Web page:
On the other hand, the use of the fantastic, ironic, allegoric and paradoxical for illustrating a world shows one's attitude toward that world as well. Thus the achieved distortion of reality (be it projected into the past, present or future), contains as well a strong critical dimension, but implicitly and subtly or non-typically expressed. For example, in Landscape Painted with Tea critically the most outstanding features are a distinctly nondescript attitude of the narrator toward the actions and "achievements" of Atanasije Razin, as well as the paradoxical turn when the devil, his survival being endangered by man, becomes the saviour of mankind (some Italian critics define this novel as postmodern reinterpretation of the Faustian myth).

Intertextuality and citation at the level of genre and motives is the next and probably the most typical feature of postmodern literature. By using different genres, models of narration and styles, by use of a game of combinations, a hybrid structure and a polyphone text are being created. This gives rise to a doubt, similar to the previous one, regarding the ways of knowing reality and the world, by insisting on the fact that the world can be known only via texts, in fact their fragments, excerpts and traces. This is analogous to psychoanalytic therapy, which through free connection of detail, and apparently missing elements, wishes to enable a come back to the primeval forgetfulness and forgotten essentiality.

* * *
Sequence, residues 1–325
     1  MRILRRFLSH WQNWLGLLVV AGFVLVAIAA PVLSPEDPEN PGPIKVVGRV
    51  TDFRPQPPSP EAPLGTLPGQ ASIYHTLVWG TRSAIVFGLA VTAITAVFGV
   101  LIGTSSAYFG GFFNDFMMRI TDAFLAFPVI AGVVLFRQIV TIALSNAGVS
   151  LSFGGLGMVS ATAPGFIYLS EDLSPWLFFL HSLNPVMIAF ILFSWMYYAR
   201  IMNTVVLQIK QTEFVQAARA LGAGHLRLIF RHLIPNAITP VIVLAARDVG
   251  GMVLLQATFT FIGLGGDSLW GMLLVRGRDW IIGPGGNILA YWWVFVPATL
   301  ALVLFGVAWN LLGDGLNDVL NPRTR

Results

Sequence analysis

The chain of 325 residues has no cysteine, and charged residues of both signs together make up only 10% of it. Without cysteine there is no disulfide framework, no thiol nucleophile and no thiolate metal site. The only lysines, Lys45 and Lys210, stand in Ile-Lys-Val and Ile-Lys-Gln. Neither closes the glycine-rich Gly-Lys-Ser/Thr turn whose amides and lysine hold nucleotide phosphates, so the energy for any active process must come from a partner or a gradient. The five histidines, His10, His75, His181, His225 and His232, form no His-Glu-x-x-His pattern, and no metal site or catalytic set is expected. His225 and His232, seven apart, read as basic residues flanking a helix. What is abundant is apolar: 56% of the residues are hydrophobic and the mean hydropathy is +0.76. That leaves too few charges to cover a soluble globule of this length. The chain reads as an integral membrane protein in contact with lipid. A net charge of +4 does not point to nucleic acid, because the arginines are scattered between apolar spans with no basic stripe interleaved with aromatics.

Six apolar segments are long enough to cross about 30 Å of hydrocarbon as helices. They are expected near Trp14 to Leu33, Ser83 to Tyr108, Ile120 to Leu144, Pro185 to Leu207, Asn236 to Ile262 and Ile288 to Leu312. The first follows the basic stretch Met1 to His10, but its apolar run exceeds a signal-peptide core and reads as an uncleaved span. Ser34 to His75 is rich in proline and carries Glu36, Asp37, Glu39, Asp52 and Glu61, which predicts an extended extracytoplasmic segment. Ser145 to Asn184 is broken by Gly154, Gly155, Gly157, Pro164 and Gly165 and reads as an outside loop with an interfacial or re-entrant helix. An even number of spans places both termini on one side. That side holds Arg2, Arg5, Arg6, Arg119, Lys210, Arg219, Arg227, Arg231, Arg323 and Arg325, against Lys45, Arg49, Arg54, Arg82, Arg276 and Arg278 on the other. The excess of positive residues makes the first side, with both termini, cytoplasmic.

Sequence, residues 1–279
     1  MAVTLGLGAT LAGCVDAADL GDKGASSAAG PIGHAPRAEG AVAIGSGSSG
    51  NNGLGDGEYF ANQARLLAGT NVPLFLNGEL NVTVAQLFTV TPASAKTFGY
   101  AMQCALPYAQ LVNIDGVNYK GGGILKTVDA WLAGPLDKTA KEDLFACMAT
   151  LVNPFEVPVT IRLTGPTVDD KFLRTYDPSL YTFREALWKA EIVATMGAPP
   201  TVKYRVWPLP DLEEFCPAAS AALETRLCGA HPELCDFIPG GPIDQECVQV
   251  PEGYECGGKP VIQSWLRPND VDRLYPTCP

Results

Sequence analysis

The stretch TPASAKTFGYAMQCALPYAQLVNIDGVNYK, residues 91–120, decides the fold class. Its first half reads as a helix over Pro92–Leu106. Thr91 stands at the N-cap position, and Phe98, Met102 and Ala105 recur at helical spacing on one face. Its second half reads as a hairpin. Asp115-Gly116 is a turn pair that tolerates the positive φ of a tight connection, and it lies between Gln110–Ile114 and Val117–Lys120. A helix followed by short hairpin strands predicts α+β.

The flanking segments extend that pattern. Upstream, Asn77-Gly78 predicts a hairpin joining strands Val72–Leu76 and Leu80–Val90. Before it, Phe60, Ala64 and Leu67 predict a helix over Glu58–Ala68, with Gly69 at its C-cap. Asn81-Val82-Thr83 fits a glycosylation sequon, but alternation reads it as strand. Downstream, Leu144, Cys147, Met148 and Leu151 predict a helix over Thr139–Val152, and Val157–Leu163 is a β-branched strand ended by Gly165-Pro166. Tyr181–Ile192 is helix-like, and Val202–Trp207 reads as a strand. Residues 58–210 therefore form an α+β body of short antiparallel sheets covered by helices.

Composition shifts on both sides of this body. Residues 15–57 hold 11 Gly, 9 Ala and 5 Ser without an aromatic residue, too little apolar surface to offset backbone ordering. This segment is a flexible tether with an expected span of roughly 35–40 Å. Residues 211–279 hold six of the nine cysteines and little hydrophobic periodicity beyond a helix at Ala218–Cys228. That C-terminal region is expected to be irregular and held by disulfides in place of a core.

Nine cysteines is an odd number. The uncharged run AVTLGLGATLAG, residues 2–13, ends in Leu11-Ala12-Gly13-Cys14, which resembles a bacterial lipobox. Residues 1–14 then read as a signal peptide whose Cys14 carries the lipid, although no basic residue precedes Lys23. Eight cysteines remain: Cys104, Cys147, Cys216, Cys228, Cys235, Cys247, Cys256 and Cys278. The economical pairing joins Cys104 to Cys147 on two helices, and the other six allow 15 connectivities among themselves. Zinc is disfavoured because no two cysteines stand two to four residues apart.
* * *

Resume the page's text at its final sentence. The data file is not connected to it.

This today classified as a postmodern feature, has been present in Pavic's literary work since his first poem collection entitled The Palimpsests because the meaning and stylistic stratification constitute the central characteristic of his expression and poetics.

By using many literary-linguistic models: myth, legend, hagiography, apocrypha, tales, history, etc. (in general old text as pretext), and at the same time using them also through reinterpreted or parodized forms, Pavic enriches his picturesque literary structure by all the achievements of the modern prose. Thus continuity and harmonization of different cultures is established and a synthesis between the old and the new is being accomplished.

The third characteristic of postmodern writing would be the absence of causal logic of the story. This is achieved through the destruction of the realistic manner of writing and by abandoning chronological linearity and cause/effect relations of the story.